A would-be Easter Bunny thinks his true calling is to be a drummer in Hop, an aggressively dull blend of animation and live action.
E.B. (voice of Russell Brand) is next in line to take over the duties of the Easter Bunny, replacing the current Easter Bunny, his father (voice of Hugh Laurie), who is looking to retire. But E.B. prefers rocking out on his drum set to making and delivering candy. So days before he’s set to make his first-ever candy delivery, he escapes from Easter Island (the place where the bunnies and their factory workers, the chicks, prepare the world’s seasonally decorated jelly beans, chocolate and marshmallows) and heads, like so many kids with stars in their eyes, to Hollywood.
At first, it’s not looking good for him. A trip to Hugh Hefner’s house — he takes in bunnies, according to E.B.’s star map — doesn’t lead to a free place to stay, so E.B. is left wandering the streets of Beverly Hills. Which is where human Fred O’Hare (James Marsden) almost runs over him with a car.
Just as E.B.’s father wants him to straighten up and hop right, Fred’s father (Gary Cole) think Fred needs a little direction. After a year of post-recession-layoff slacking at his parents’ home, Fred is lovingly pushed from the nest by his family — including his mom (Elizabeth Perkins) and much younger sister Alex (Tiffany Espensen). His older sister Sam (Kaley Cuoco) takes pity on him and offers to let him crash at her boss’s house and even hooks him up with what should be the perfect job interview. But then E.B. enters the picture. Fred isn’t quite sure the talking, bipedal rabbit who guilts him into offering a place to crash is real, but Fred offers E.B. some space in the garage — complete with water dish and newspaper — anyway. The next morning, Fred learns that E.B. prefers fancier digs when he follows the trail of half-eaten carrots up the mansion stairs and into the master suite, where E.B. is playing video games (a Guitar Hero-like drums-based game, naturally) and getting comfortable in the Jacuzzi. Fred plans to kick E.B. out, but after explaining that he’s Easter Bunny material (using that pooping-jelly-beans trick from the trailer as proof), E.B. is allowed stay, endangering Fred’s job prospects, his sanity and, though Fred doesn’t yet realize it, the very nature of Easter itself.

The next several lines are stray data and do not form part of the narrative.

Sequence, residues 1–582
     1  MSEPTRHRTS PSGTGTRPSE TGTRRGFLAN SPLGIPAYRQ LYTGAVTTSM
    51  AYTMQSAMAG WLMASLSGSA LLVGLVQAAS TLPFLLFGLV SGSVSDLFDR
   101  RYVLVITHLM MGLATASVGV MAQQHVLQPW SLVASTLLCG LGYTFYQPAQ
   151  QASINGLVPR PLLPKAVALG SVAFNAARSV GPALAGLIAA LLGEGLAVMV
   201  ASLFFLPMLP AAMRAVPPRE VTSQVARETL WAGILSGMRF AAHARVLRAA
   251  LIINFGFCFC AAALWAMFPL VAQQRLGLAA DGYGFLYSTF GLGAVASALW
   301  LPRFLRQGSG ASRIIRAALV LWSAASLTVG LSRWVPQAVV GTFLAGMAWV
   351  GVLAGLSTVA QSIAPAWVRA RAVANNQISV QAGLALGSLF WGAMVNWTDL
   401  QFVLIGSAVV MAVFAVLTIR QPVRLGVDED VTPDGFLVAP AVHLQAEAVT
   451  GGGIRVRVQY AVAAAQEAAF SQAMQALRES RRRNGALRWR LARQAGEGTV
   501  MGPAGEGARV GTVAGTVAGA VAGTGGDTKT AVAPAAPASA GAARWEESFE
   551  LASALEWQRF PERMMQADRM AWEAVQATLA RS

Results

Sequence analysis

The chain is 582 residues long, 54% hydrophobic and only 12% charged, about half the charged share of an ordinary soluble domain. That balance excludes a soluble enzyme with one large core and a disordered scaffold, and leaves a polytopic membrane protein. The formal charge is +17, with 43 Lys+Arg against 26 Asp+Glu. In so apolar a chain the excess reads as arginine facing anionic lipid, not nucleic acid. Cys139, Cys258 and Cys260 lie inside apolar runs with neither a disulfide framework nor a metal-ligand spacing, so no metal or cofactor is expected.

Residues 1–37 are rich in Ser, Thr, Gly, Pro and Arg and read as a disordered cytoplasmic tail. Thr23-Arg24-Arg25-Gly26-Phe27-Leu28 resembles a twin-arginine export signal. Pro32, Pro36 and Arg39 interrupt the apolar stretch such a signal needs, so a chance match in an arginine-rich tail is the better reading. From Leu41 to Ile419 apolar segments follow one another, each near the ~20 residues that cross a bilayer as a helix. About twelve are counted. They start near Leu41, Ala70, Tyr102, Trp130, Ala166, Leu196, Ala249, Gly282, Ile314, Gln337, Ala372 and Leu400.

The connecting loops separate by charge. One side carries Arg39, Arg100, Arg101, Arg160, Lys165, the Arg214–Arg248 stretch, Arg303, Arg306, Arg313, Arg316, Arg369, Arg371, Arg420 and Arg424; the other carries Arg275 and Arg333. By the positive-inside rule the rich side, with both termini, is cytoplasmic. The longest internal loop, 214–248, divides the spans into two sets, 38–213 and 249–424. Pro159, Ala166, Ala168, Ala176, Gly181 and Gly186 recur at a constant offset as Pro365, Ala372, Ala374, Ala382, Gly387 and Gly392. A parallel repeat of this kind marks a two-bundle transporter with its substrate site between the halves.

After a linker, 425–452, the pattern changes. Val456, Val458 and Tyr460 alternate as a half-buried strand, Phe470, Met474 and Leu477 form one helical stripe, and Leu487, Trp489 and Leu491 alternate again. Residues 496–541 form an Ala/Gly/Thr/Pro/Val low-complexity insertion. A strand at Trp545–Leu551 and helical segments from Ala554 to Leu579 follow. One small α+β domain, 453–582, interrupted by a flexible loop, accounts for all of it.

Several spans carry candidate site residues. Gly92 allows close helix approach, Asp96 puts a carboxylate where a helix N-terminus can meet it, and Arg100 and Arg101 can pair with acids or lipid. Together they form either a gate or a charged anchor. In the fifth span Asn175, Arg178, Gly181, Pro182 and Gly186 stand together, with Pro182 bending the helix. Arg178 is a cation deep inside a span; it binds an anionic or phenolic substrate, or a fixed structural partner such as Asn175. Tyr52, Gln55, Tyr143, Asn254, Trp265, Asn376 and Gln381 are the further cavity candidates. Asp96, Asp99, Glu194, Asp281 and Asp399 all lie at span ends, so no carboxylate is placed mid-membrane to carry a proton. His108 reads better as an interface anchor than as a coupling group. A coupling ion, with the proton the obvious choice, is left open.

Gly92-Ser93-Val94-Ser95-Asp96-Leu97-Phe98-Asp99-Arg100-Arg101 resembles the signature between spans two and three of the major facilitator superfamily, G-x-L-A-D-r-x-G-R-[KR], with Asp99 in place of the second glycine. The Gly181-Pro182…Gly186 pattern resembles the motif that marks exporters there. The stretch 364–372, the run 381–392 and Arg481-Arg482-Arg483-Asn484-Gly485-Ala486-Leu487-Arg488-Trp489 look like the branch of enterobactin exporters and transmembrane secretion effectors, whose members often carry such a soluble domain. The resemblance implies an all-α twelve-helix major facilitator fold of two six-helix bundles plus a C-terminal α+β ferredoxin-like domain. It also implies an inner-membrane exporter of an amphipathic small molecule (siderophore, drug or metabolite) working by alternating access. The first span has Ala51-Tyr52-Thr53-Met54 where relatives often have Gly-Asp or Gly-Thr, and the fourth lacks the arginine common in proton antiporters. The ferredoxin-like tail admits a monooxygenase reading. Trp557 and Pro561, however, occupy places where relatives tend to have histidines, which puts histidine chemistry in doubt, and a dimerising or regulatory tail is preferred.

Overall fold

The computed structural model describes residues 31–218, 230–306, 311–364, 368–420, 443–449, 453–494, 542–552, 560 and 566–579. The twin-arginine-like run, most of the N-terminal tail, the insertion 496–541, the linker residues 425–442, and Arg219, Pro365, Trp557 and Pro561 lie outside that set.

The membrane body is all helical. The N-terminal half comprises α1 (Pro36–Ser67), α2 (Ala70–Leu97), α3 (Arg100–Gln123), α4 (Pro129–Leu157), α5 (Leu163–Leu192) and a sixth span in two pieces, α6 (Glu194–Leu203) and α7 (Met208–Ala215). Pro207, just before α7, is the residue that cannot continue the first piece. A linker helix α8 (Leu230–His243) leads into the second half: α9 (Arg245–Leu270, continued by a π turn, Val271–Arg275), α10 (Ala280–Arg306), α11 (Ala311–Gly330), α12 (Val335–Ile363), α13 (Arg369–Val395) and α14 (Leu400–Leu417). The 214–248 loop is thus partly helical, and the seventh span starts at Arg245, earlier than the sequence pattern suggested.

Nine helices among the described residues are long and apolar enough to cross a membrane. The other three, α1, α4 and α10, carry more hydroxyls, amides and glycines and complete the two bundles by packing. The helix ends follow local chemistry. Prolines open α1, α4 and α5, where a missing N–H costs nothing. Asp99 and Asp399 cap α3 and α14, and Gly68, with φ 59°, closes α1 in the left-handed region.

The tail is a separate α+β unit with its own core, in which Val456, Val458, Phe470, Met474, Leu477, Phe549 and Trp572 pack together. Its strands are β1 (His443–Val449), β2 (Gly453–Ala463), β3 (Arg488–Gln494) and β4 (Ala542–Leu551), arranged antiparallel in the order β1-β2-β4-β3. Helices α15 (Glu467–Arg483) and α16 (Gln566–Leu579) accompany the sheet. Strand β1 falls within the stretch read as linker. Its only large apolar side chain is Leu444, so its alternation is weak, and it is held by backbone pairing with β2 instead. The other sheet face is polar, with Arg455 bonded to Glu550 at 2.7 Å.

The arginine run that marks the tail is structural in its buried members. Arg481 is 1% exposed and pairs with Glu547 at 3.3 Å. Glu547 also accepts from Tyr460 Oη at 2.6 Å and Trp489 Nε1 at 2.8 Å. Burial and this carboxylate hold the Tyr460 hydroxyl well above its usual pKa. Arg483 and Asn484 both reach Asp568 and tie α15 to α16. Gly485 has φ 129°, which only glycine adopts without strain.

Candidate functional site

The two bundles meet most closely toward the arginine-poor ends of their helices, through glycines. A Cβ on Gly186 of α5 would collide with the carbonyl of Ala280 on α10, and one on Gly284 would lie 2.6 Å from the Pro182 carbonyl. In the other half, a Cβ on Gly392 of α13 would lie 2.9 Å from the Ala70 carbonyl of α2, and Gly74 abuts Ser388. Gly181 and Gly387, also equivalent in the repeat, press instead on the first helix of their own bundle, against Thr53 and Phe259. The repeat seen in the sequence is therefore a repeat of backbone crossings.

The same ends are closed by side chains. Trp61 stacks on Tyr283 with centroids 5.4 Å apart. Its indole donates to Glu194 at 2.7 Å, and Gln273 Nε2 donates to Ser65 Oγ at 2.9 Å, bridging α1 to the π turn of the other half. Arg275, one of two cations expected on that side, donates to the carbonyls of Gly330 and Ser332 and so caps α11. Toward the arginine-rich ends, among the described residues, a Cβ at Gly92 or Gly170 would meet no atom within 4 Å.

The very nature of Easter being, for the purposes of this movie, a basket of candy. We go no further into Easter than bunnies, chicks and pastel confections. Since the Easter Bunny isn’t quite the superstar that, say, Santa Claus is, the movie builds a bit of backstory for him: Easter Island, candy-making, traveling the world in one night in a vaguely Santa’s sleigh-ish egg-shaped contraption pulled by yellow chicks, the handing down of the Easter Bunny responsibilities from one generation to another. But the movie doesn’t really have any fun with it — the Easter Bunny story could have been filled in with all sorts of fun details and clever visual moments, but instead this movie just Easters up some details from Santa. It’s all rather hastily drawn, as is a subplot involving a power-mad chick named Carlos (voice of Hank Azaria) who wants to get out from under the yoke of bunny oppression and be the Easter Bunny — or Easter Chick, I guess — himself. The movie throws this in on top of the twin tales of E.B. and Fred finding themselves and E.B.’s father’s attempts to find him with a trio of bunny commandos called the Pink Berets. It feels like a “when in doubt, more plot” approach to story-telling, one that doesn’t help increase the excitement or the movie’s ability to hold an audience’s interest.
And, wow, did it not hold the interest of the audience at the screening I went to. The fidgeting was intense — wiggling in seats, whining, talking, requests for popcorn or bathroom trips. I heard all the hallmarks of kids not interested in the movie playing in front of them. My stepson sat low in his seat, appearing to slowly melt from boredom as the movie wore on. This movie might start with candy and talking bunnies but it spends a lot of time with an adult man (Marsden) being harangued by his parents for being a loser. The scenes between E.B. and Fred include some moments of goofiness but also a lot more talking — and talking and talking. You could tell which scenes and chunks of dialogue were meant to be funny but they didn’t contain any actual humor.
This movie feels like all the effort was put into the concept and then its creators just hoped it would succeed on the live action/animation blend and the pooping-candy joke. But like those hollow chocolate bunnies, this thin premise just isn’t enough to carry the movie.
Rated PG for mild rude humor. Directed by Tim Hill and written by Cinco Paul, Ken Daurio and Brian Lynch, Hop is an hour and 35 minutes long and distributed by Universal Pictures.